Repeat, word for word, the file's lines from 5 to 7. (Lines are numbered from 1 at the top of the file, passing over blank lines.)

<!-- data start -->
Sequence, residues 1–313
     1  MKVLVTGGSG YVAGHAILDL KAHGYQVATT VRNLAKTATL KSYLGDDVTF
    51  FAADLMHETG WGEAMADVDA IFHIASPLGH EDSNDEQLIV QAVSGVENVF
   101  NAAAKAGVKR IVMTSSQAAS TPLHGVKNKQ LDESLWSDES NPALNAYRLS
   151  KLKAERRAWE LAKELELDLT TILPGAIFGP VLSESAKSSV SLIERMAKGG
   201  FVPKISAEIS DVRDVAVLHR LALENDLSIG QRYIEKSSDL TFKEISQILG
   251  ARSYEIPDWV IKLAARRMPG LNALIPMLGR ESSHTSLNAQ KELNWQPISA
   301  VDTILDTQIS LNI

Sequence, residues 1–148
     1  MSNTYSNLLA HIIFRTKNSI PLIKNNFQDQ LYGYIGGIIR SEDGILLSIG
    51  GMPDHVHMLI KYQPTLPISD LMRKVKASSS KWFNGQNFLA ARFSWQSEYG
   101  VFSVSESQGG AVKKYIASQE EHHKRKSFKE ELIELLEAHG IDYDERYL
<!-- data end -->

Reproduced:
   151  KLKAERRAWE LAKELELDLT TILPGAIFGP VLSESAKSSV SLIERMAKGG
   201  FVPKISAEIS DVRDVAVLHR LALENDLSIG QRYIEKSSDL TFKEISQILG
   251  ARSYEIPDWV IKLAARRMPG LNALIPMLGR ESSHTSLNAQ KELNWQPISA